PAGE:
NEW YORK - Stocks climbed sharply on Monday after the U.S. and China appeared to make major progress in trade talks. The Chinese government says it will buy more U.S. goods, including energy and agricultural products, and Treasury Secretary Steven Mnuchin says the U.S. postponed tariffs on up to $150 billion in goods from China. Industrial companies and banks made some of the biggest gains, while technology stocks also rose.
After jumping by as much as 371 points, the Dow Jones industrial average ended up by 298 points, or 1.2 percent, to 25,013. The S&P 500 added 20 points, or 0.7 percent, and the Nasdaq composite gained 40 points, or 0.5 percent.
The Russell 2000 index of smaller-company stocks was on pace for another record close as it jumped 10 points, or 0.6 percent, to 1,636.
The U.S. and China concluded two days of trade negotiations with an agreement not to impose tariffs on each other, while Beijing said it will buy more farm goods, energy and other products and services from U.S. companies. The two sides gave no indication of how much progress they had made toward ending their dispute entirely, and both said hostilities could increase again.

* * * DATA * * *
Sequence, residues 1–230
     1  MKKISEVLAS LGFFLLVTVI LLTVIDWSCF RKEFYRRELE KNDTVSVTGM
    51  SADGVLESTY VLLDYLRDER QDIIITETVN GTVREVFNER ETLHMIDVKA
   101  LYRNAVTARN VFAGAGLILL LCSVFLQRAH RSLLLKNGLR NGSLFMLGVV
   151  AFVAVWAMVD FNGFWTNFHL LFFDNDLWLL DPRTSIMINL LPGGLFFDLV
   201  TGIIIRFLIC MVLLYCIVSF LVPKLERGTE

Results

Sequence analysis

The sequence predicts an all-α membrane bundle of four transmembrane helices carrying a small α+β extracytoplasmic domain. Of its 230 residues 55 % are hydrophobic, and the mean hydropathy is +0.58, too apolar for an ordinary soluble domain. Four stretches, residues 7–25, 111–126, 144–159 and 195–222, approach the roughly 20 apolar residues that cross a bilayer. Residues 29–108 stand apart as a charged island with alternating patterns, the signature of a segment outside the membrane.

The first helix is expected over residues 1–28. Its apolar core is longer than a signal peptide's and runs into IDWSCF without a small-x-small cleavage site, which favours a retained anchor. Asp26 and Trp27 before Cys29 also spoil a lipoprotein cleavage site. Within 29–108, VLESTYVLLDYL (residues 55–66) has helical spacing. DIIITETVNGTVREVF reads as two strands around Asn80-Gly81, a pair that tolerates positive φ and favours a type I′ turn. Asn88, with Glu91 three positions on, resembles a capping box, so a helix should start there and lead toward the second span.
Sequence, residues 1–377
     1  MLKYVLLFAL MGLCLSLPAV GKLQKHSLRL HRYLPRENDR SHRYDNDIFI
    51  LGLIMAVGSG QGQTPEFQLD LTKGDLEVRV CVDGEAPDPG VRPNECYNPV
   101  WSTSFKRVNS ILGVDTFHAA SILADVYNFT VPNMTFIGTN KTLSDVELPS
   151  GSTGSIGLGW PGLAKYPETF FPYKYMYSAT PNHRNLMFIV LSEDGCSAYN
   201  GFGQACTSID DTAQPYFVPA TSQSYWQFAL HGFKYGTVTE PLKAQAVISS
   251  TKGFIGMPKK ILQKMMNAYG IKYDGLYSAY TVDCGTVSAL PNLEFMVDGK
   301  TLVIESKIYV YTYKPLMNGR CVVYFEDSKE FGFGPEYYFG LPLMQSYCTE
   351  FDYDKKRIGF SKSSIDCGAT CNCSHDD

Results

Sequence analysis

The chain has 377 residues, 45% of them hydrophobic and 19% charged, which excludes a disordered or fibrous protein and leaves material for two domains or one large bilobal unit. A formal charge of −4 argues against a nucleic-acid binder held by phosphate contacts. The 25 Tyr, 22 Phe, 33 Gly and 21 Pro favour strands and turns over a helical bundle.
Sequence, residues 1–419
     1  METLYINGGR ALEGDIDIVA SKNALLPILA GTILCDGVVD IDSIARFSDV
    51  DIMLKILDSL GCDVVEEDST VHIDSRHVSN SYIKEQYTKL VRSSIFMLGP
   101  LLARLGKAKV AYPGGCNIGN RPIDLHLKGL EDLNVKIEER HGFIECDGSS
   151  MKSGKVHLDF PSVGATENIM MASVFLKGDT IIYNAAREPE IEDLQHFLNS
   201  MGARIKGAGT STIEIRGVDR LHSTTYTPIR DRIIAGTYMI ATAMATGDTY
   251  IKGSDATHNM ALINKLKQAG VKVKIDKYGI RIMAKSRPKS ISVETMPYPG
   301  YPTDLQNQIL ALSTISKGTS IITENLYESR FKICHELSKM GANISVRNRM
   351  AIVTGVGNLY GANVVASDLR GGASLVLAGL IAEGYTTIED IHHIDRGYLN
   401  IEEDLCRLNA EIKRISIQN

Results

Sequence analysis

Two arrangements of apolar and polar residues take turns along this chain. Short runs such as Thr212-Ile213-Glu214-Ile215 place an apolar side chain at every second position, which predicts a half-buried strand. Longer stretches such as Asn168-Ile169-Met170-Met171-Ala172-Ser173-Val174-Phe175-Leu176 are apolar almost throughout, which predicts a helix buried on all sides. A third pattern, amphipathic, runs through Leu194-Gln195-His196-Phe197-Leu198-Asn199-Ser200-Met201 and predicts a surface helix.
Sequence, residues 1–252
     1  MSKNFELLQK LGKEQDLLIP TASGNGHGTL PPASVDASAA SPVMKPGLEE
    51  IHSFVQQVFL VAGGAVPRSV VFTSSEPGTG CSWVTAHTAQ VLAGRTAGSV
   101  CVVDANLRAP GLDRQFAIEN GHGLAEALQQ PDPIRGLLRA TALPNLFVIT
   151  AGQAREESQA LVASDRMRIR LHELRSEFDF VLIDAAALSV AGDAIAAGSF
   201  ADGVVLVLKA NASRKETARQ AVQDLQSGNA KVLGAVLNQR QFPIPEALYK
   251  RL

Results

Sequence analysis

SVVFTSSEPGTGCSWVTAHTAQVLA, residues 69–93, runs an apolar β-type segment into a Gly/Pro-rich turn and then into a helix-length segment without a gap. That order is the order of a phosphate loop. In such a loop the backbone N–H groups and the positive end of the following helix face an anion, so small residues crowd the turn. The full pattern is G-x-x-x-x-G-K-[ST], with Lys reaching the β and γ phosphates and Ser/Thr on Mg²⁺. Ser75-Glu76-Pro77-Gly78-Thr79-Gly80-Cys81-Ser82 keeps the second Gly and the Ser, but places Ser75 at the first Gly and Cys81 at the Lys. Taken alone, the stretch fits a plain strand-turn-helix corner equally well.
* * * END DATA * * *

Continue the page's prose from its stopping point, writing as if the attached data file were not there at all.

Still, President Donald Trump framed the weekend's talks as a clear victory for the U.S. Mr. Trump said in a tweet that "Fair Trade, plus, with China will happen!" In another tweet, he added, "China has agreed to buy massive amounts of ADDITIONAL Farm/Agricultural Products - would be one of the best things to happen to our farmers in many years!"
Trade disputes have occupied a lot of investors' attention for the last two months, and stocks have rallied on signs progress was being made, only to fall back when the situation appeared to worsen.
On Monday, investors applauded again. Among industrials, Boeing (BA) gained 3.6 percent to $363.92, and construction equipment maker Caterpillar (CAT) rose 2.1 percent to $158.92. In the financial sector, JPMorgan Chase (JPM) rose 0.9 percent to $112.15, and Morgan Stanley (MS) added 0.8 percent to $54.36.
General Electric's (GE) train engine division will combine with railroad equipment maker Westinghouse Air Brake Technologies in deal worth $11.1 billion as GE CEO John Flannery continues to break off parts of the conglomerate. GE will get $2.9 billion in cash and will own 50.1 percent of the combined company. The deal will help GE narrow its business down to the aviation, health care and energy industries.
Wabtec (WAB) gained 3.5 percent to $98.55, and GE rose 1.9 percent to $15.26.
Chipmakers rallied after Micron Technology (MU) raised its profit and revenue forecasts for the fiscal third quarter. Micron jumped 3.9 percent to $55.48, while Intel picked (INTC) up 1.5 percent to $54.32.
That contributed to a broad rally in technology stocks. Apple (AAPL) gained 0.7 percent to $187.63, and Google's parent company Alphabet (GOOG) rose 1.2 percent $1,079.58 as technology companies advanced.